Several years before I met her, Precious had been enrolled in a study run by a foreign researcher based at the University Teaching Hospital. The project recruited from the compound where she lived to test a pill that was intended to prevent diarrhea. Telling me about the events years later, she explained how she was approached by the project research assistants in her home, and how she had first thought that she was being offered free health care. She had agreed to join the project, but she had soon realized that it was a research project. She had asked the researcher many questions, and she had begun dropping the pills that she was supposed to take every day in the latrine because she was not sure about their effects. She left the project after six months—in spite of research assistants’ efforts to persuade her to stay—when she was called to have an endoscopy made at the University Teaching Hospital. She feared the procedure too much.
Here Precious expressed her concern about transnational medical research in an idiom that drew from a more political vocabulary to point to the same feeling of exploitation that elements in stories of Satanism may tap into. She blamed Zambians with influence for letting foreigners exploit poor Zambians without influence—pointing to both national and international politics and power relations, rather than blood-sucking Satanists. Precious did not question the purpose of transnational medical research, but that it took place in Zambia. Invoking a scenario of global inequalities, she chided the researchers for the little money they gave people. She did not call for access to medicines and other classic benefits from ethical codes of conduct for medical research and neither did she speak of abstract rights. Instead, she wanted the researchers to teach people skills so they could work.
In the future I will join the CAB [Community Advisory Board], because they don’t stand up for us. They should provoke researchers much more. How can they just come here and use us just because we are poor? … And then they start insulting us! They should not get an advantage of our poverty. They are even contributing to our poverty by giving us 20,000 because that does not make us do anything new. They will say, “Zambians are weak, just give them 20,000 and you’ll get what you want.” I don’t know how Zambians permit them to come and do this work? … They should teach us skills so we can work. They should say, “Let’s try to help them where they are weak.” But most people will join the researchers … here is a researcher offering everything … I don’t want anybody touching my body any more. I am never going to join research again.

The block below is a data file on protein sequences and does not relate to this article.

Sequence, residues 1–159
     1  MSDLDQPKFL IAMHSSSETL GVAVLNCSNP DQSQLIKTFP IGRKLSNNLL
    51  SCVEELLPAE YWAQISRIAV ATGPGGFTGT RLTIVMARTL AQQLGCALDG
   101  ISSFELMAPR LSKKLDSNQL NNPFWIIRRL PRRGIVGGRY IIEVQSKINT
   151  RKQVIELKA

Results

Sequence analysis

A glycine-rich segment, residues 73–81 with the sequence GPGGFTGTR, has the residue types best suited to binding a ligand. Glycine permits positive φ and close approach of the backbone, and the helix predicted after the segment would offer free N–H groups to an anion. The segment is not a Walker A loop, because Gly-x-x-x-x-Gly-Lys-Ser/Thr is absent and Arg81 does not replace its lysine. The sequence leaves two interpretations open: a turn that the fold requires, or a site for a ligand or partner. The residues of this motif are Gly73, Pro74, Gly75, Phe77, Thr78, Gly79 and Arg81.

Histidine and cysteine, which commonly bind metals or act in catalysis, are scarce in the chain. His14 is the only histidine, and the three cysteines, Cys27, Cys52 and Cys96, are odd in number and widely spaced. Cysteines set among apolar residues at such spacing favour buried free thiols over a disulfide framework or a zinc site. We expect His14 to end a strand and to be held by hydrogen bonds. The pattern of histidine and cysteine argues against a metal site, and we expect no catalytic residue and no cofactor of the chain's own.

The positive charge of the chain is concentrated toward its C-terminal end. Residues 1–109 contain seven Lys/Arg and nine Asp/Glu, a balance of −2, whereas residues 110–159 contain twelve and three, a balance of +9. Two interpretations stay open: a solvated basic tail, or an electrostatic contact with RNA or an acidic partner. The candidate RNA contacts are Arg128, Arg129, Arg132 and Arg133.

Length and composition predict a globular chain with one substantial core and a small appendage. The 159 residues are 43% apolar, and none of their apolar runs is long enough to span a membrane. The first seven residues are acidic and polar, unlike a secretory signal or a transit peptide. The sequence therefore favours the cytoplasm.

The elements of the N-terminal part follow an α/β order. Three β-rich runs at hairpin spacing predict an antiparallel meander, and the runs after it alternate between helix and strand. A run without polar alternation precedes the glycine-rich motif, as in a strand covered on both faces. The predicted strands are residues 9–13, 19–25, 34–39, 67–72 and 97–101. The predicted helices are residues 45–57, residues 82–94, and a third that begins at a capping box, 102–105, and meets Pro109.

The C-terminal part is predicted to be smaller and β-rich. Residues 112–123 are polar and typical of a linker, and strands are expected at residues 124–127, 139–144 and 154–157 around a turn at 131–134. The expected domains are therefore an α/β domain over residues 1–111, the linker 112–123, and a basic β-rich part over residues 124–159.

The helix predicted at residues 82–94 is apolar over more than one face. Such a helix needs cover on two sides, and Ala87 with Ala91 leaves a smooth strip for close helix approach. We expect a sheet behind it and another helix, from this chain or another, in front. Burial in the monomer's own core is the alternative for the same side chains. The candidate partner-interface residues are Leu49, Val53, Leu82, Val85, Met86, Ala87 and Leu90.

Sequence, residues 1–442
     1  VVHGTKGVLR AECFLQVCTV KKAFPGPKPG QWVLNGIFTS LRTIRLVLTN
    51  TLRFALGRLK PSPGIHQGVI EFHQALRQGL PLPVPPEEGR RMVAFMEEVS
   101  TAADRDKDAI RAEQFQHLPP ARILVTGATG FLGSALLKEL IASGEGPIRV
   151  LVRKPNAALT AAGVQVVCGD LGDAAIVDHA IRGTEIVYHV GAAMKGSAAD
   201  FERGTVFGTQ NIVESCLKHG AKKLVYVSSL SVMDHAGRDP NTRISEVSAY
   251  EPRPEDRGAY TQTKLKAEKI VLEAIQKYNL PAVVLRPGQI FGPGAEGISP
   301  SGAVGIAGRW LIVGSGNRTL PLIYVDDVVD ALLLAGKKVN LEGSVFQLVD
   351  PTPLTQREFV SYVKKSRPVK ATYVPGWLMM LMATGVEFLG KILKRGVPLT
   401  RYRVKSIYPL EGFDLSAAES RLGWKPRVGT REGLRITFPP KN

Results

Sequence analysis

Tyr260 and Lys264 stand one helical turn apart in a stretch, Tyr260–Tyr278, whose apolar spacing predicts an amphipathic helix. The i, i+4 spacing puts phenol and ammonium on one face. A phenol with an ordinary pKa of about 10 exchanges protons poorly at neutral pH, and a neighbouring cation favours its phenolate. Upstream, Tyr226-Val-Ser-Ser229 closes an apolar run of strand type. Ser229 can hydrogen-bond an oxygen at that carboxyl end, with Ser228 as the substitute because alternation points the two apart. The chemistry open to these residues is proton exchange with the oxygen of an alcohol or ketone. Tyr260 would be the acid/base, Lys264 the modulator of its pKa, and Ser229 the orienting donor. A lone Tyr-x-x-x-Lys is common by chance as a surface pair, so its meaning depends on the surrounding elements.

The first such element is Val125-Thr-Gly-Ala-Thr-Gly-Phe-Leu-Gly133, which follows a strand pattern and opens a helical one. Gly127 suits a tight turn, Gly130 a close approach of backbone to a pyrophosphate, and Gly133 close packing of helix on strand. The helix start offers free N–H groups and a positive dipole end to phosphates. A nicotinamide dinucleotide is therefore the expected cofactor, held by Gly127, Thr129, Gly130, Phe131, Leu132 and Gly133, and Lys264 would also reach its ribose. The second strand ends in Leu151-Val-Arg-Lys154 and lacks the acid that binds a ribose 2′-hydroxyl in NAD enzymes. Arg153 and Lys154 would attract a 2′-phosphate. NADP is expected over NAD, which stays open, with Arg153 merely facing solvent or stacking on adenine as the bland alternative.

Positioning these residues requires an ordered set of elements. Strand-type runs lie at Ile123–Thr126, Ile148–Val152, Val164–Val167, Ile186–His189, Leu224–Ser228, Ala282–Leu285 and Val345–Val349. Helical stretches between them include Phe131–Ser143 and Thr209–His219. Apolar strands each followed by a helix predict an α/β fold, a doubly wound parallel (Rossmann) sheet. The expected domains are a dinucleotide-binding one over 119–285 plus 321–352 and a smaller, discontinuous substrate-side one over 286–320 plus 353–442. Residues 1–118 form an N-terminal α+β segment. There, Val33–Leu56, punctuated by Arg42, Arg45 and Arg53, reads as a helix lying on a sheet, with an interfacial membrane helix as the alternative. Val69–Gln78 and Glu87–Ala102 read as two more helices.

Precious was one of the very few people that I met who expressed her concern by drawing on this kind of critical political discourse about transnational medical research. She only voiced her critical stance this explicitly once, however, and she still recruited for various research projects, because she found it important how study subjects could learn something from being in the projects, and because many people relied on her for the kind of possibilities that projects (of any kind) could offer. Considering her position as a provider for many people, she was obliged to share the possibilities that came out of her many connections to projects at the clinic. She could not not share (and besides, she herself could stay informed about new possibilities in the research organizations, like Joanna).
This case illuminates how the same person moves between scenarios of exploitation and possibility in relation to transnational medical research projects, and it adds the more explicitly political discourse of foreign researchers exploiting poor Zambians to the repertoire of concerns with transnational medical research that can also be expressed in stories of Satanism. Precious’s story illuminates how people who are quite explicitly critical about the inherent inequalities in transnational research projects still foreground the possibilities that come out of the services and infrastructure of the projects to be able to share and care for others for whom she felt responsible.
The pragmatics of foregrounding possibility in unequal relations
Critical studies situate transnational medical research within a frame that highlights how neoliberal market mechanisms facilitate the dispossession of blood and control over bodies when people from less privileged settings make their bodies available as sites for medical experimentation by transnational research organizations.